We live in a society that is glued to its laptops, iPads, smartphones and pagers. It’s rare when a concert isn’t interrupted by at least one ringtone, and if you don’t update your Facebook status at least five times during the course of a lunch, you’re not being social enough. The pocket and purse have become temporary holders for devices that get taken out again 30 seconds later, because checking email is only done obsessively or not at all (and never not at all). This is a problem, for two reasons. First, we keep wasting lots of time reaching into our pockets to pull out our phones — time that could be better spent playing Angry Birds on our phones. Second, the minimal movement needed to constantly store and un-store these devices prevents our arm muscles from fully atrophying the way nature intended.
Enter The Future. These problems are a thing of the past, because we no longer interact with the world through screens, but instead project our own images into the world. (Think: “Help me, Obi-Wan Kenobi. You’re my only hope.”)
Seem too far-fetched? The New York Times just reported that Google is building heads-up display glasses scheduled for release by the end of 2012. The glasses will display live data based on the surroundings, and overlay that data on top of what you see, like the glasses in “The Terminator,” “RoboCop” and pretty much every other sci-fi movie ever. By controlling them with subtle tilts of the head, you can play Fruit Ninja in seminar while the professor sees you as simply nodding enthusiastically or cracking your neck or having a seizure.
But that’s something only you can see. What about projecting images out into the world, like that miniature flickering Princess Leia in “Star Wars”? Researchers at the University of Arizona say they’re close to having the technology for real-time 3D holographic video projection, using the same basic principles that underlie security holograms on drivers’ licenses. Which means that instead of floating in midair, the projections lie on a thin screen, though the researchers are quick to point out the difference between a 3D movie like “Avatar” and this technology, as it allows you to see different perspectives by moving your head. In The Future, Skype will use this technology (though hopefully it’ll have evolved beyond the low-resolution, “Matrix”-green laser images of the UofA demo videos), and people will never again have to suffer the injustice of moving their heads and not having a video’s perspective change. Oh, and nobody will talk on phones anymore, obvi.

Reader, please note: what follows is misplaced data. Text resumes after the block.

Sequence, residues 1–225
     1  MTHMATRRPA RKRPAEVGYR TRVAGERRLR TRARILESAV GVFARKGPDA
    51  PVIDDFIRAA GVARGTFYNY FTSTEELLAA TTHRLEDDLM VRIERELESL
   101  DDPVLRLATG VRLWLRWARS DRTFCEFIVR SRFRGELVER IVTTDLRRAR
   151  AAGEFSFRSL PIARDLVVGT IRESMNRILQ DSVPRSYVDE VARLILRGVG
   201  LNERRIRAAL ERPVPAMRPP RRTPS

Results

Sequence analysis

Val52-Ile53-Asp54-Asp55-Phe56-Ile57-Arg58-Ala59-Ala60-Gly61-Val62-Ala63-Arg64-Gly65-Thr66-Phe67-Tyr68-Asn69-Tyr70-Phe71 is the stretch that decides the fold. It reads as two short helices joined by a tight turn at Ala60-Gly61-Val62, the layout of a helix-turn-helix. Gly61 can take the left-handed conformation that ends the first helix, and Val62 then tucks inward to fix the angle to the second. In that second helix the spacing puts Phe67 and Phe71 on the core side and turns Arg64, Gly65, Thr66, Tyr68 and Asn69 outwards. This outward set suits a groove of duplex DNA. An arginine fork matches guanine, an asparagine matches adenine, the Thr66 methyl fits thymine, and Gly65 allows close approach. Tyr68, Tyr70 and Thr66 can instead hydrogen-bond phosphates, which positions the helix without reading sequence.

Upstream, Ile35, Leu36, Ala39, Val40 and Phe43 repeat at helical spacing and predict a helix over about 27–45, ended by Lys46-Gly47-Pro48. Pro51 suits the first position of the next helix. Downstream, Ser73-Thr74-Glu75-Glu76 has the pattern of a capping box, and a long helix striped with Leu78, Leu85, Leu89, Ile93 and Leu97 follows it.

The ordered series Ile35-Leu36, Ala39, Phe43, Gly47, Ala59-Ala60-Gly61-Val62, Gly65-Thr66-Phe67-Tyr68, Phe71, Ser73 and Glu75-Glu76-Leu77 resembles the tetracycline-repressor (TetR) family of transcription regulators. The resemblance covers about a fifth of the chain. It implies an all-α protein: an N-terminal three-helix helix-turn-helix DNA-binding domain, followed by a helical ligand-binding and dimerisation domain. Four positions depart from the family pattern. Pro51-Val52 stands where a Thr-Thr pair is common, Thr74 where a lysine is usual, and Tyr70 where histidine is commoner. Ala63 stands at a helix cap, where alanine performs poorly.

In The Future, we’ll react and interact with the digital world through our surroundings, rather than escaping through a tiny screen on something once designed for calling friends and being more social. But don’t worry: we’ll still do a whole lot with the Internet. Take, for example, online shopping. Right now the biggest problems with online shopping are logistical: How quickly will items be shipped? What happens if they don’t arrive at all? What do you do if you want to return something?
Science fiction solves these problems with teleportation, also known (in bad sci-fi plots) as “3D faxing” — sending a tangible object electronically and reconstructing it at the other end. The real-world version of this is called 3D printing, and the concept is simple: send a printer blueprints, and it builds an object by stacking lots of tiny layers of glue-like material. Right now, 3D printing is mostly a way for nerdy people to fabricate 20-sided dice for Dungeons and Dragons, but a company headed by engineer Enrico Dini suggests using it for houses, with a printer the size of a warehouse. The building material is sand mixed with a sort of magic super-strong sand-glue.
Proponents of 3D printing see it as the next generation of online shopping — want a book or a Wenzel or a pet spaniel? Buy the plans online and print it in seconds! — and to an extent this may be the case (3D food printers, for example, already exist). But 3D printing isn’t just for the realm of humans: the GOLEM project in 2000 was a Brandeis University robotics experiment that automated the coevolution of robotic bodies and brains. The project automatically printed real robots, and allowed the cruel physics of the real world to naturally select and evolve the best ones. In The Future, when our smartphones become just a little too smart, that new iPhone will evolve and 3D-print other iPhones, which will print other iPhones, which will finally take over the world. If only Siri believed in birth control …